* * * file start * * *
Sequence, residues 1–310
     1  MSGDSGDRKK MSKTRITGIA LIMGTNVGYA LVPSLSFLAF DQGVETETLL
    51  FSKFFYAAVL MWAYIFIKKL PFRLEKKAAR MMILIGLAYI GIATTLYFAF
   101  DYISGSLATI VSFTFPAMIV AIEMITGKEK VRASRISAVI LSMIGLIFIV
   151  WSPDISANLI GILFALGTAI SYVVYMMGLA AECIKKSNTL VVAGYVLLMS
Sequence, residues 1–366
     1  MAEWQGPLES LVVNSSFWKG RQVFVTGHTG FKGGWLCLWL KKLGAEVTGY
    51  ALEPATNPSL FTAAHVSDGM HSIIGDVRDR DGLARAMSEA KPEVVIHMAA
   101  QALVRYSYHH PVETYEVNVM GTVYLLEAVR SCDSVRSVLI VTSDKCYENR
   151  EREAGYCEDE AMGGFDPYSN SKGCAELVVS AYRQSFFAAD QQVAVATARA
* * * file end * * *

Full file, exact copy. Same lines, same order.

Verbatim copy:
Sequence, residues 1–310
     1  MSGDSGDRKK MSKTRITGIA LIMGTNVGYA LVPSLSFLAF DQGVETETLL
    51  FSKFFYAAVL MWAYIFIKKL PFRLEKKAAR MMILIGLAYI GIATTLYFAF
   101  DYISGSLATI VSFTFPAMIV AIEMITGKEK VRASRISAVI LSMIGLIFIV
   151  WSPDISANLI GILFALGTAI SYVVYMMGLA AECIKKSNTL VVAGYVLLMS
Sequence, residues 1–366
     1  MAEWQGPLES LVVNSSFWKG RQVFVTGHTG FKGGWLCLWL KKLGAEVTGY
    51  ALEPATNPSL FTAAHVSDGM HSIIGDVRDR DGLARAMSEA KPEVVIHMAA
   101  QALVRYSYHH PVETYEVNVM GTVYLLEAVR SCDSVRSVLI VTSDKCYENR
   151  EREAGYCEDE AMGGFDPYSN SKGCAELVVS AYRQSFFAAD QQVAVATARA